When Robert Mathis was merely a pass rush specialist early in his career and most of his plays were being made on special teams, no one could have foreseen that he eventually would develop into an all around, every down force. Colts owner Jim Irsay brought up the possibility of moving Mathis to weakside linebacker. Polian and Dungy spoke repeatedly and at length about the possibility and wondered if Mathis could be a younger Derrick Brooks. "We were sending him up the field every down, so it was difficult for him to set the edge," Polian said. "We thought Robert could wreak havoc every down if he moved him to Will. But there is an old axiom. Don't move 'blues.' He was a 'blue' from day one. Tony finally said, 'The front four is the engine of the defense. Let's leave him where he is.'"

Mathis put on about 10 pounds and learned to set that edge just fine. "People don't give him enough credit for how well he plays the run," one AFC general manager said. "He plays with rare leverage and strength for a guy that size."

When teammates voted Robert Mathis the Ed Block Courage Award winner in 2011, no one outside of the Indiana Farm Bureau Football Center could have possibly known why they considered him a model of courage, inspiration and sportsmanship. Jim Caldwell, his head coach at the time, said he was "amazed at the level of intensity Robert plays with each week," and called Mathis a "true professional in every way."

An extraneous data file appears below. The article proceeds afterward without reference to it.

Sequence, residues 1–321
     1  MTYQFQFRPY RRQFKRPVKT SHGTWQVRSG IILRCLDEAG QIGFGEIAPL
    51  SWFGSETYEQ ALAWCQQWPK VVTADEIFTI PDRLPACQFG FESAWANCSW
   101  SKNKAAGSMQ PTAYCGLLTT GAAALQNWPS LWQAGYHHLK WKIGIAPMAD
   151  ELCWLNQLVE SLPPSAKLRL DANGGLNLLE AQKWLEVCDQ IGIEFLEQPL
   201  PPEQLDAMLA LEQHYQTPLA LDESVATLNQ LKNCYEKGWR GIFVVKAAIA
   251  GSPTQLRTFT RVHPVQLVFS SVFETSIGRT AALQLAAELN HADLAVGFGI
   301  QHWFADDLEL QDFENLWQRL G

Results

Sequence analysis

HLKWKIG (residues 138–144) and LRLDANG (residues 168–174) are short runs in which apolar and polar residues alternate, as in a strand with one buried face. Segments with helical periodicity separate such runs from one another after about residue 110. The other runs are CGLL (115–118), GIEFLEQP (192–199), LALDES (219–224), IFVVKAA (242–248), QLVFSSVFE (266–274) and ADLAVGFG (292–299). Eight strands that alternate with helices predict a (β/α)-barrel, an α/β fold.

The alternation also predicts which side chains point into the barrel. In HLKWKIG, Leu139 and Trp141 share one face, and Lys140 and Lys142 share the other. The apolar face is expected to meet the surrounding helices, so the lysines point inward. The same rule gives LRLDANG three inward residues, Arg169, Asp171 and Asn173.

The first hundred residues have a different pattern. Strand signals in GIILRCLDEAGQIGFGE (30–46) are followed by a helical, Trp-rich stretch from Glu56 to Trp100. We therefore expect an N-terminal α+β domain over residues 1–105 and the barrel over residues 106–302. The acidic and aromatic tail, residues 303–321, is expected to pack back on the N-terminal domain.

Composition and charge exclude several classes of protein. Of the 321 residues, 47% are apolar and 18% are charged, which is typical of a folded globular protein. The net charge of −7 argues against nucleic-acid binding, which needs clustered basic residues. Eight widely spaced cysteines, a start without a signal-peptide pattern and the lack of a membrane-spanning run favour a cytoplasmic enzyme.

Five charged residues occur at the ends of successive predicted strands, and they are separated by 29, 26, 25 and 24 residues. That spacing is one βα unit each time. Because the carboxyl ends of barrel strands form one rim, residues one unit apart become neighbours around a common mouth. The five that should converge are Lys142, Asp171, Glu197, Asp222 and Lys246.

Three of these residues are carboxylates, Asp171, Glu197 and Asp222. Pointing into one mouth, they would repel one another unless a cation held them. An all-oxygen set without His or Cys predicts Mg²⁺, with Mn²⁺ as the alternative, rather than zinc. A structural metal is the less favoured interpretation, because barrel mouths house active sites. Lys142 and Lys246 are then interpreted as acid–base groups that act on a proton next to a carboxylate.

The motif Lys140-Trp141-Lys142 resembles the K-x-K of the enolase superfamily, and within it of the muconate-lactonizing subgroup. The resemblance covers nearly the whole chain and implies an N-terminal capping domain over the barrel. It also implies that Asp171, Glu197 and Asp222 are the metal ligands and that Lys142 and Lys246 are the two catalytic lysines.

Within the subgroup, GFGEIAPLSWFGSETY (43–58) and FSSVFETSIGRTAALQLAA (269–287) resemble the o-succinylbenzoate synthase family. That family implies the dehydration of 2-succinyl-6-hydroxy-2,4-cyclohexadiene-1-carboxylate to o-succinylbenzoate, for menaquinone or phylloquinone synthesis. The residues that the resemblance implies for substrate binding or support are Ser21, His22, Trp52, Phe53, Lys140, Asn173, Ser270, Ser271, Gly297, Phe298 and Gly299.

Mathis helped set the standard for work ethic and toughness on a team that made eight consecutive playoff appearances and won a Super Bowl. In a very understated way, he became the Peyton Manning of the Colts' defense. And today, on a team that has been almost completely made over, he is every bit as respected. Andrew Luck has said it's an honor for him to be able to high-five him. "If you said, 'Describe the type of player on your team you want everybody on your team to be like,' it would be Robert Mathis," Polian said. "He is completely and totally self-effacing. A total team guy. He is such a worker, that he perfected the strip sack, the tomahawk punch out. He is there every day. I can't remember him being hurt, I cannot. He is the ideal teammate, the ideal football player."

When Colts new general manager Ryan Grigson signed Robert Mathis to a four-year, $36 million contract and gave him $15 million up front in March of 2012, nobody was convinced his best football was yet to be played. He was 31 years old at the time, an age when most football players are checking their retirement funds every few hours. Mathis, however, was not in decline. "He has gotten better with age," Polian said. "He's such a smart player that he has learned by film study and conscientious effort how to attack various styles of tackles." And age somehow has made Mathis harder, hungrier. "The older you get, the more important it is to you and you just know how precious that time is," Mathis said last week. "You can't give it back, you got to seize the moment."